Can you imagine if we didn’t know whether God would forgive or not forgive? Not knowing how you stood before God? Many people face exactly that kind of uncertainty, because they either worship a so-called ‘god’ that is really no god at all, or because they know nothing of the words and promises of the One True God. For all they know, God could be completely arbitrary and unloving, and they could never know anything about Him with certainty. Indeed, this is the picture of many of the false gods and their religions. The purpose and will of such “gods” is completely unknown. But the One True God, and His High Priest forever, Jesus Christ, has freely bound Himself by oath, so that we can have absolute confidence in Him. The intercession of Jesus for our sins, is perfect and unhindered. Jesus has complete access to God as He has ascended to sit at God’s right hand. From there, He calls us to confidently approach God’s throne of grace, and to know we will receive it, because we call upon the name of the Lord, and are saved.
As we near 500 years of the Reformation, we can still with the same boldness and joy, proclaim the incomparable glory and grace of Jesus Christ, and the complete certainty of salvation in Him. We place no trust in our works or our traditions, but only in our Great High Priest who has mercifully gone before us, and Who saves us to the uttermost. This is the faith that has sustained and united Christians from the first apostles until today, and we boldly confess that Jesus is our Forever Great High Priest. Amen.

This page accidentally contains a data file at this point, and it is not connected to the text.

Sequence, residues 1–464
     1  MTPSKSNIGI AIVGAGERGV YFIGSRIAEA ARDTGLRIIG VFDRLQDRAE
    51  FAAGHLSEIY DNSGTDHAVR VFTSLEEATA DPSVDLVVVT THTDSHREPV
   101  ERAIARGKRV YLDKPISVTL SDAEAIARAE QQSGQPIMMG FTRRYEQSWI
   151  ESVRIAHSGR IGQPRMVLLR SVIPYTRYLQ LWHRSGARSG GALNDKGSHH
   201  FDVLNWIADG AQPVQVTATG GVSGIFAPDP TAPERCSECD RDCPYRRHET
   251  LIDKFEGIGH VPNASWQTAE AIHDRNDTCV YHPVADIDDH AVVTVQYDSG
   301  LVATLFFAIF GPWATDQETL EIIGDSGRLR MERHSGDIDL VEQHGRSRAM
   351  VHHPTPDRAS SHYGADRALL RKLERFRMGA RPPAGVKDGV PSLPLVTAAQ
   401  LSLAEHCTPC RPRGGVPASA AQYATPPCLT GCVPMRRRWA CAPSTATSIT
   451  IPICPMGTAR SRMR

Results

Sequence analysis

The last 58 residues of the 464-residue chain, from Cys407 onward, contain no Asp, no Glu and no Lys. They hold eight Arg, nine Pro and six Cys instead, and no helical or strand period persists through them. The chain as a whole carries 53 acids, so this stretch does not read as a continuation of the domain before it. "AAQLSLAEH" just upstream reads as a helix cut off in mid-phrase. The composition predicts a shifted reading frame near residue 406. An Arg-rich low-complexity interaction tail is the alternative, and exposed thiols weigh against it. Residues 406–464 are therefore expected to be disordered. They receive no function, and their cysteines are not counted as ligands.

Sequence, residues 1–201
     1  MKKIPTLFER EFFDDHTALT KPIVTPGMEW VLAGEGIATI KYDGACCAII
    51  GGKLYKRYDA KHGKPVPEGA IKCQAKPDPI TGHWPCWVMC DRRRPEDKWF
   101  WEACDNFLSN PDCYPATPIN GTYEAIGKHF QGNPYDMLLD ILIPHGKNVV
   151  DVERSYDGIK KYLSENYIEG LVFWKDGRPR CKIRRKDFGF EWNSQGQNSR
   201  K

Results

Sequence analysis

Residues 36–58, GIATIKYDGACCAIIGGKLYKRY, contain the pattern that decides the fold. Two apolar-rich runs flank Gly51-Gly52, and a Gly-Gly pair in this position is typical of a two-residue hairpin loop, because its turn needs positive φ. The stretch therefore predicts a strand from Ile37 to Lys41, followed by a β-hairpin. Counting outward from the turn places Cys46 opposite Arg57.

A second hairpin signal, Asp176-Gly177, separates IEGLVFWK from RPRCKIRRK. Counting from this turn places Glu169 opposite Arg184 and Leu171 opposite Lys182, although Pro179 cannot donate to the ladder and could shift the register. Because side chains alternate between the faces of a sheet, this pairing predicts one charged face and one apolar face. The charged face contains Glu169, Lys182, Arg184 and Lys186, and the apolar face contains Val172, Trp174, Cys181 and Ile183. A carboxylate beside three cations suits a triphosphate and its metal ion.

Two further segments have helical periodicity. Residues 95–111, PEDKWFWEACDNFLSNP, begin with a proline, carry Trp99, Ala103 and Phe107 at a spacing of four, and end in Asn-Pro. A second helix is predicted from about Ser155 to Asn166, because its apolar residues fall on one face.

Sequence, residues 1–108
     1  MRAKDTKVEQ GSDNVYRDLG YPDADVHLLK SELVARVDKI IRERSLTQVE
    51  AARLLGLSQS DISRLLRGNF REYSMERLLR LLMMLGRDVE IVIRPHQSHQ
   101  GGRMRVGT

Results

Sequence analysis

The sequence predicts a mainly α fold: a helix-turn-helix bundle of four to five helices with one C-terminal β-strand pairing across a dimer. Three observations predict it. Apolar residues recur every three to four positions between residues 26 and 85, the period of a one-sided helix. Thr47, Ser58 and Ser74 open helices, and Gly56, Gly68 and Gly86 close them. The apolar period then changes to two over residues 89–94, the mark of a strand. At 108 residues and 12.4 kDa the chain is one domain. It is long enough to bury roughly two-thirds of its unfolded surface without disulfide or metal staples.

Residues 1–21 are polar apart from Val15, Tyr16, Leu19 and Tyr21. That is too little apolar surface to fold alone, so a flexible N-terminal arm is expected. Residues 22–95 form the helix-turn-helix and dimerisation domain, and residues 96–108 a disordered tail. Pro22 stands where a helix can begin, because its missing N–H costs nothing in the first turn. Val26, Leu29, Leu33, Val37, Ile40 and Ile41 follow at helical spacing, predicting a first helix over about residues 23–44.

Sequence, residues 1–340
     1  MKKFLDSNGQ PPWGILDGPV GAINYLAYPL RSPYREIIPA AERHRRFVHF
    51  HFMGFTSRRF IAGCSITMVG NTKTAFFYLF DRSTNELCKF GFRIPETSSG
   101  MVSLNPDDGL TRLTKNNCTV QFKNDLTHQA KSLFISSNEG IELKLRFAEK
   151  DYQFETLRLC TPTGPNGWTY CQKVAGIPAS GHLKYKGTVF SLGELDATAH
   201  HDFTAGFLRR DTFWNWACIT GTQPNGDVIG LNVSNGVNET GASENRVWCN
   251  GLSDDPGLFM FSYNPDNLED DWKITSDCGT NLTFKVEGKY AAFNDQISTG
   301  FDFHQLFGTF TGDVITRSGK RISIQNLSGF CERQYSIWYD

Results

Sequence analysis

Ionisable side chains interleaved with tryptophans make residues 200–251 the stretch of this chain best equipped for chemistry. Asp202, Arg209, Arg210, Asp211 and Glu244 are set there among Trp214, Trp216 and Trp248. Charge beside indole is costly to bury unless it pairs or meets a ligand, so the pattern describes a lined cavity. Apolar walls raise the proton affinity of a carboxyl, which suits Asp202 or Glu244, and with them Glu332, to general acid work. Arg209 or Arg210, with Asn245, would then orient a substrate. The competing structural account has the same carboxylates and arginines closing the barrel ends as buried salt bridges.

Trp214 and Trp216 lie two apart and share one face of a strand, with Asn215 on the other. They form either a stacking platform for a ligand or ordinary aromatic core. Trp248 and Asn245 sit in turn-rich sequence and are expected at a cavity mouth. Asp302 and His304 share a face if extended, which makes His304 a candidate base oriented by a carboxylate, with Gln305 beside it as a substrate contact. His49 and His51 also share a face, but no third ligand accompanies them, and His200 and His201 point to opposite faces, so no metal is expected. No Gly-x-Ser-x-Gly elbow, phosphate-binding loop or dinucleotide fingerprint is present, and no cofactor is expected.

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1.      On October 31, 1517, Martin Luther set off the Reformation of the Christian church by nailing 95 Theses to the church door in Wittenberg, Germany. The primary criticism that they raised against the church, was the selling of “indulgences”, which were certificates published by the church to grant release from years spent in purgatory, a supposed place of purification by fire, before one could enter into heaven. How did such teachings steal away the glory and diminish the saving work of Christ?
2.      The book of Hebrews spends a lot of time comparing the Old Covenant of Israel, with the New Covenant brought by Jesus Christ. In chapters 1-9, review the headings and topics. What things is Jesus “greater than” in each chapter? What then was the purpose of these roles and things? Hebrews 9:24; 10:1.
3.      Why was the role of priest, in the Old Testament, inferior to the priesthood of Jesus? What were they unable to do? Hebrews 7:23-24. What additional problem did they face, that Jesus did not? Hebrews 7:27-28; 4:15
4.      We live in a constantly changing world. What comfort is there in the fact that Jesus is unchanging, and His priesthood is forever? Hebrews 13:8; 1 Timothy 2:4. To whom can we always turn?
5.      What comfort do we find in God taking an “oath” that Jesus, His Son, is priest forever? Hebrews 7:28; 6:16-20